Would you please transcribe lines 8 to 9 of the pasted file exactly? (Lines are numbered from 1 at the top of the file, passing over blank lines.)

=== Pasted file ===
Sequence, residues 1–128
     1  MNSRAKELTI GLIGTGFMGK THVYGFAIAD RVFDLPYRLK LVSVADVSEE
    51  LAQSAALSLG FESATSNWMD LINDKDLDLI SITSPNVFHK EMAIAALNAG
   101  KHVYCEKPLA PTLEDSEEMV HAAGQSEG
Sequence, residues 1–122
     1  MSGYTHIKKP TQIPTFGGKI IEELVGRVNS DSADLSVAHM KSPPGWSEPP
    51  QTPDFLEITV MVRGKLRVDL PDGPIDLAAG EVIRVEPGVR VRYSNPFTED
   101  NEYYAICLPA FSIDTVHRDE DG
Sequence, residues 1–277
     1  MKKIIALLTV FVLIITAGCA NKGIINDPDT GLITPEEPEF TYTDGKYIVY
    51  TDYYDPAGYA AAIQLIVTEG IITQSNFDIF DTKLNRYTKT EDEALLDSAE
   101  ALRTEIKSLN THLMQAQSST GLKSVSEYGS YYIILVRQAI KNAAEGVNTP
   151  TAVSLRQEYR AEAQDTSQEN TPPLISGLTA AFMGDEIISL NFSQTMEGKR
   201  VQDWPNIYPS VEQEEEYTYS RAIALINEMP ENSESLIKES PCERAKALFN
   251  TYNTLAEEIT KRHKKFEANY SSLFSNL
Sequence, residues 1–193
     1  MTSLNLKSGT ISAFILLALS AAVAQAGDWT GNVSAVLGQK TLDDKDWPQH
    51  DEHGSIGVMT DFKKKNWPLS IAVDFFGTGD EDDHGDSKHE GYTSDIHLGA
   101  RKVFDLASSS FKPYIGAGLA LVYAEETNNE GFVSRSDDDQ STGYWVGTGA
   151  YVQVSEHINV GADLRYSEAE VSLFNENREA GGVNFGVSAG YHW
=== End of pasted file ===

   101  NEYYAICLPA FSIDTVHRDE DG
Sequence, residues 1–277